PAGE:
There are lots of so-called “MS diets” out there, each one claiming to ease the difficulties of living with MS. This, despite the fact that neurologists don’t often address nutrition when discussing disease management with their patients. Why is diet so rarely discussed by medical practitioners? And why hasn’t there been more research in this area? These are questions I get asked all the time.
Unfortunately, it’s notoriously difficult to test a diet, for several reasons:
- Compliance! People forget what they’ve eaten (and sometimes they’re not honest) so it’s difficult to know exactly what’s being tested
- It would be virtually impossible to confine individuals to a room and have them eat a specific controlled long term diet, to obtain verifiable results
- Each body is unique, and responds to foods differently
But just because it’s difficult to perform a “diet test” doesn’t mean we shouldn’t pay attention to how we fuel our bodies.
So let’s take a quick look at three popular diets and examine their differences and similarities and potential health impact.
- Restricts red meat in the first year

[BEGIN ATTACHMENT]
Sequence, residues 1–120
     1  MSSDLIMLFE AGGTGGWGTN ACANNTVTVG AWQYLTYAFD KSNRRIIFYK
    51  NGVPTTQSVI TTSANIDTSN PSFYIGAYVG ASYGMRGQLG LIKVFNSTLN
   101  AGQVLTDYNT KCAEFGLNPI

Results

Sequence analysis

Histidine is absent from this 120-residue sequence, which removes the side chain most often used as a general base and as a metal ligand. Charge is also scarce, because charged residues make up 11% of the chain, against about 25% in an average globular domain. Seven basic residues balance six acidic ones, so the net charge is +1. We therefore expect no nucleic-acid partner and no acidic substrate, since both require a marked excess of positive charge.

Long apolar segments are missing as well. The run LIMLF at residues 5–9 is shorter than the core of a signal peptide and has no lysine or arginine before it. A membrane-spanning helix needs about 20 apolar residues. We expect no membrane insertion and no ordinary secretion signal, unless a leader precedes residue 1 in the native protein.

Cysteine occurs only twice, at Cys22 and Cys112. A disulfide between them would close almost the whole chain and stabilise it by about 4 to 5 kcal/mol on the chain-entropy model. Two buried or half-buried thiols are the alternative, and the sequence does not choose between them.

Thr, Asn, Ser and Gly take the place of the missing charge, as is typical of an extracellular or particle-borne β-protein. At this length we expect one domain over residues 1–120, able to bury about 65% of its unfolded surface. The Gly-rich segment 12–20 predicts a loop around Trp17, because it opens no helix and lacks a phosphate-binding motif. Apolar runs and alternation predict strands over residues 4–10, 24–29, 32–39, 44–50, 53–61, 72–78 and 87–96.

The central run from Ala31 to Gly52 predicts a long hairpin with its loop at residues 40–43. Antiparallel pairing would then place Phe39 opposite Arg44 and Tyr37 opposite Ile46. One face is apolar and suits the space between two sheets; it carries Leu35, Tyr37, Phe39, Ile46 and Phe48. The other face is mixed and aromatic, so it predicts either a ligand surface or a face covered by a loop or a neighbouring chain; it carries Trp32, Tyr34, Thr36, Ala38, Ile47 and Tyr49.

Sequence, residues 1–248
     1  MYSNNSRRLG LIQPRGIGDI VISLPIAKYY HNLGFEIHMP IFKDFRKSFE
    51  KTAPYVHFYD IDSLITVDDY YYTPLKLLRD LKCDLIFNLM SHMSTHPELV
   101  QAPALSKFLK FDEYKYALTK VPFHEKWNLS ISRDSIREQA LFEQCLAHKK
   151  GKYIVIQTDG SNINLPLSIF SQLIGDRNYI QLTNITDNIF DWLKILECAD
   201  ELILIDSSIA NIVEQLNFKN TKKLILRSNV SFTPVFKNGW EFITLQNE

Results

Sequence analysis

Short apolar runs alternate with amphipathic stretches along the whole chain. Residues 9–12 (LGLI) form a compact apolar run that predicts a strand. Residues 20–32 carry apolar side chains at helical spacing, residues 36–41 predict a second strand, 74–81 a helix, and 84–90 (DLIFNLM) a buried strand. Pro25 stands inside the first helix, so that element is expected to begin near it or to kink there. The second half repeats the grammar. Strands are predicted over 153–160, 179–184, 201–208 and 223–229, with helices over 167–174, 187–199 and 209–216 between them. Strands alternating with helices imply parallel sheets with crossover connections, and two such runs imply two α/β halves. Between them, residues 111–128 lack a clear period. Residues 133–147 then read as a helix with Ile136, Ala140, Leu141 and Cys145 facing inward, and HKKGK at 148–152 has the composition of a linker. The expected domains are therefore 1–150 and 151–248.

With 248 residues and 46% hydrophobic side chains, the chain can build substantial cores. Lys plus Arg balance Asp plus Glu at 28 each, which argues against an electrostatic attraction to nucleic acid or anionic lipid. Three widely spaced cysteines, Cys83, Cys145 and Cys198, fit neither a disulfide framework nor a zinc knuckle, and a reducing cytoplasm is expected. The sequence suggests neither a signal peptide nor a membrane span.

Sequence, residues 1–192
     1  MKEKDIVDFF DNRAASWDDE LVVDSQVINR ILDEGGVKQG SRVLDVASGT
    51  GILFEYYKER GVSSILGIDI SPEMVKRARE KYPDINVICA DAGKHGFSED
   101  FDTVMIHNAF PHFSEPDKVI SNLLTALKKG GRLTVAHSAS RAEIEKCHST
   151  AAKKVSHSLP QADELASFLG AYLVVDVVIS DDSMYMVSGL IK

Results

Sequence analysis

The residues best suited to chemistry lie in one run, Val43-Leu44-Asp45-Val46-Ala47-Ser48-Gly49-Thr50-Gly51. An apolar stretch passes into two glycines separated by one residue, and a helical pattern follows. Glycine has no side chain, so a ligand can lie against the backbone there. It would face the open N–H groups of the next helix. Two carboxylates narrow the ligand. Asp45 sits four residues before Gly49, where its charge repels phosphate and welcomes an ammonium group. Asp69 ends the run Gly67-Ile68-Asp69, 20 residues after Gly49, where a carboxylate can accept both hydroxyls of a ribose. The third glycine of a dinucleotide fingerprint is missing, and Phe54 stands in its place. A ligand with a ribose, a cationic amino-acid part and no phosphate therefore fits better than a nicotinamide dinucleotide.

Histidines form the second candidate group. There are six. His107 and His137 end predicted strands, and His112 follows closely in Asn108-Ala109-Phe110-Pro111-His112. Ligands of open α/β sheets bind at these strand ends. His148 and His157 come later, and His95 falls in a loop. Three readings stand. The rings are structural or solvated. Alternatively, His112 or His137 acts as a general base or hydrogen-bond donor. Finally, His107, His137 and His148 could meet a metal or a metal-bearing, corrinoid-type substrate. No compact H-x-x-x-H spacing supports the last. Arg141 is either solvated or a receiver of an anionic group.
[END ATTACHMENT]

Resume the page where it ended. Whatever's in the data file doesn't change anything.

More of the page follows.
- Avoids processed food with saturated fats
- Includes low fat foods
- Daily intake of 2 servings of fruits of vegetables
- Permits white fish, shellfish and lean poultry
Wahls Protocol (Paleolithic Diet)
- Emphasis on meat
- Includes plant foods
- Restricts processed food
- Avoids dairy
- Emphasis on whole grains, olive oil and fish
- Includes vegetables and legumes
- Avoids saturated fats, red meat and dairy
As we know, there’s no proven MS diet — nothing that has been tested on a large group of individuals with MS and found to have significant and measurable results. But we do have an understanding of which foods are better and which are worse for most people when it comes to keeping organs healthy and working optimally.
Minimizing processed foods and keeping an eye on your intake of saturated fats are good dietary habits to adopt. While the jury is still out on the harm that saturated fats may do, at this time it makes sense to keep them to a minimum. Including plants in most meals has been shown to promote good health and even contribute to disease prevention.
Remember that your body is different from your neighbor’s body, and will respond to food in its own unique way. We all have our own personal goals when it comes to diet — weight loss, muscle gain, health maintenance, getting an energy boost — and your food choices can help you realize those goals in a way that’s right for you.
Does it really matter which diet is the “best?” Maybe the better question is, “Which diet is best for you?”
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